The bitter cold weather could not stop a big crowd of sixty at least from taking over three rooms on two levels of NYU's Ireland House. They had come for Lá Gaeilge, a five hour session with four teachers rotating between three groups at different levels of fluency. It was so much fun to be with such a big group of Irish-lovers in the middle of Greenwich Village.
Pádraig Ó Cearúill's success in creating so popular an Irish language program at NYU has been fifteen years in the making, since he first began as a lecturer at the university in 1995. A native of Gaoth Dobhair in Donegal (Tír Chonaill), he's responsible for making Gaeilgeoirí of many an American who've come to his wonderful classes at Ireland House. He's so popular in fact, he's the recipient of a student-voted Golden Dozen Teaching Award. As a result it's hard to get a spot in one of his accredited or more informal classes, but he's very accommodating, so e-mail him at [email protected] and get yourself going, or advance from where you're at. He's a New York City treasure.
The Hedge School - An Scoil Chois Claí is associated with Iona College in New Rochelle, and was founded by Hilary Mhic Suibhne, also a teacher at NYU since 1998. She is a central figure and scholar in the Irish language community of New York and a wonderful teacher. You can also check out her Irish language blog called Hilary NY. She's hosting another Lá Gaeilge at Iona (how perfect a college name!), and lots of people get very excited about it, for example the Irish Gaelic Circle of Connecticut, who've posted the attached notice about on their blog.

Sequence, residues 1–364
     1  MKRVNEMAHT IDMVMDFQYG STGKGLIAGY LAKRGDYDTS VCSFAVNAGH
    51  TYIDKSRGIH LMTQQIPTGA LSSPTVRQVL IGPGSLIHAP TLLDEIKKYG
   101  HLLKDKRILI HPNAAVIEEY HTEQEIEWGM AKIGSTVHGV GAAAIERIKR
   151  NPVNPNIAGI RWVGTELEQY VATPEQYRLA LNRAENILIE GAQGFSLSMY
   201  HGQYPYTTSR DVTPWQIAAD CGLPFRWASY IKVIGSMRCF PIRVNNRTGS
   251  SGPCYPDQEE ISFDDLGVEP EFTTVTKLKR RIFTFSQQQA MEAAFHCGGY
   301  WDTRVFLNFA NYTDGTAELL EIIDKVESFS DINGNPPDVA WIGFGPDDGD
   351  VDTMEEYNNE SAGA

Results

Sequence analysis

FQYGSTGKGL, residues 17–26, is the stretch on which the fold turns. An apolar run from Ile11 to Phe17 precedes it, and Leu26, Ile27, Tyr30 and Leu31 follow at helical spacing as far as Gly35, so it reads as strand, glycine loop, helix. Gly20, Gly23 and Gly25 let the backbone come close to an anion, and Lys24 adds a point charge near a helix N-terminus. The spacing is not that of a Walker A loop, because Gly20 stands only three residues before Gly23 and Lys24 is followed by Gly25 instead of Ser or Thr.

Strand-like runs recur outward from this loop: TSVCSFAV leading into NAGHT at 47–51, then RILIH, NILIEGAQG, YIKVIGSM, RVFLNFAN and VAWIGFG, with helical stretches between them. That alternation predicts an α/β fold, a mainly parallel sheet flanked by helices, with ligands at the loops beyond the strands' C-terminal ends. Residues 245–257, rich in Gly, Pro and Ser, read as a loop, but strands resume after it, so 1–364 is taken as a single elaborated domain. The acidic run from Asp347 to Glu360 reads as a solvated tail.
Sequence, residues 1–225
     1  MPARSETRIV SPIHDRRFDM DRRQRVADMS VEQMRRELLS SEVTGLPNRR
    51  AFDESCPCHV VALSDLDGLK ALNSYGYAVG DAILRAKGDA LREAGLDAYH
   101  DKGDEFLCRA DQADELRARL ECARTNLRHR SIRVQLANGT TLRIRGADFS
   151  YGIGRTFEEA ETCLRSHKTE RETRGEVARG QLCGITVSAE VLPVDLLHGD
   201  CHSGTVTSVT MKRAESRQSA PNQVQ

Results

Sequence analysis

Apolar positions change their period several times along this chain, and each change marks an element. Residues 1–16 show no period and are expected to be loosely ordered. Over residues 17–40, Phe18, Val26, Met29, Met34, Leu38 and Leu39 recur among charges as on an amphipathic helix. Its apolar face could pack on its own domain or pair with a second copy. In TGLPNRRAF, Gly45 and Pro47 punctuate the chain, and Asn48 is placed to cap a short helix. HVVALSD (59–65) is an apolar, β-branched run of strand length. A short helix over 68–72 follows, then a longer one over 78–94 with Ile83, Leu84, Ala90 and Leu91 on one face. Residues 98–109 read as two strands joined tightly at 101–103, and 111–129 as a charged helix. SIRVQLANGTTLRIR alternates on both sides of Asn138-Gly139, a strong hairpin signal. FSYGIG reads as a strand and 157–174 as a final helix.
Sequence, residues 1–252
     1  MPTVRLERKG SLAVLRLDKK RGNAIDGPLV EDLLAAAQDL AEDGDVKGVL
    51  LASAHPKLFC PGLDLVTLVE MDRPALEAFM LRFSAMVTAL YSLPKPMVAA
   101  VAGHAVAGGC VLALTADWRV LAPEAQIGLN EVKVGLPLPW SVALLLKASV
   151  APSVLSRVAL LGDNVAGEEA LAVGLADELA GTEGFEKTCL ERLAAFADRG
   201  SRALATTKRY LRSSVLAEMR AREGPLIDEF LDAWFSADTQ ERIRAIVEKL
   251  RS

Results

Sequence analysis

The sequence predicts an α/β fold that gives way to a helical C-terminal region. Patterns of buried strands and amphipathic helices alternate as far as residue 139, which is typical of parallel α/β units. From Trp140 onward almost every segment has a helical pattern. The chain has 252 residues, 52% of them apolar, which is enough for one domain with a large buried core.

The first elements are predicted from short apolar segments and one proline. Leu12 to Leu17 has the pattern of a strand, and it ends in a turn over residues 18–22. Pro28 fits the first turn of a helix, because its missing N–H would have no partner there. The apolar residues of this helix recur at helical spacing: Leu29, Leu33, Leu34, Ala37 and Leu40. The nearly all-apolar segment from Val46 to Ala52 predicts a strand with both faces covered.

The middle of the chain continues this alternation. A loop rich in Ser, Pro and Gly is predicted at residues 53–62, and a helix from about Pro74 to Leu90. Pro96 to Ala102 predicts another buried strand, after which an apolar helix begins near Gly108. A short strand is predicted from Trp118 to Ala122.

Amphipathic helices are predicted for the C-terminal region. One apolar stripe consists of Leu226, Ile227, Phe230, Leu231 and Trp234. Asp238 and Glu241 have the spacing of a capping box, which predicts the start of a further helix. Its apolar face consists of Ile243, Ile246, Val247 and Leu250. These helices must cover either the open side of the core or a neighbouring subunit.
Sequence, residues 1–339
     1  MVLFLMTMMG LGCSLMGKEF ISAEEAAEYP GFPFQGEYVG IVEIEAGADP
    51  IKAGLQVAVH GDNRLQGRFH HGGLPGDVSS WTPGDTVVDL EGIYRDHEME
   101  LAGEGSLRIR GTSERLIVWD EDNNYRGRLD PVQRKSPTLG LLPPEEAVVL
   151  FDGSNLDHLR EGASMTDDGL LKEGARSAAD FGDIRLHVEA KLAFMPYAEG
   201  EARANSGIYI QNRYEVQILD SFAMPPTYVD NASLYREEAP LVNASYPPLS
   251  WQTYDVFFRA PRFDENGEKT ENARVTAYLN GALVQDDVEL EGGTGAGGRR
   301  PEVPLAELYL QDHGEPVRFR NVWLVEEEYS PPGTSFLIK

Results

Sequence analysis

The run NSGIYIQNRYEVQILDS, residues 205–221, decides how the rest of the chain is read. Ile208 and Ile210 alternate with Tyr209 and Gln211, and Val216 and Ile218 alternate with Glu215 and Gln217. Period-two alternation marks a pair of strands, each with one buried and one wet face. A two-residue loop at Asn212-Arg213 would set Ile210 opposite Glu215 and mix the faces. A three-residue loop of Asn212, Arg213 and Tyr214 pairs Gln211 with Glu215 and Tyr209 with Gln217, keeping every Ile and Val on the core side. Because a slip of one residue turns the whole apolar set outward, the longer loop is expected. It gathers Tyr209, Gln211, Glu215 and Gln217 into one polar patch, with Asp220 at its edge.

Another great addition to the NYU Gaeltacht is Fulbright scholar Dr. Art Hughes from Queen's University of Belfast and the Universite Rennes. His interests include Irish revival in Belfast in the 18th and 19th centuries, Irish place-names, the dialects of Ulster Irish, bardic poetry and the influence of the Irish language on Ulster English, and he is a publisher, author and translator of fascinating books. You can check out his Benmadigan Press, and pick up great resources for learning, or great works of genius from the canon of Gaelic Irish literature.
I didn't meet the fourth teacher, as the event was so big and we were all very busy, and I had to run to the Lillies seisiún afterwards. By the time I got there it was already full!
New York is host to so much in the world of Irish culture. Get with it yourself. Learn the language, support the music--be part of the renaissance.
The lógó Gaeilge above was made by Kevin Boyce who is happy to see it used by anyone who so wishes. The picture of Ó Cearúill with his students performing music was taken by Anderw Carey.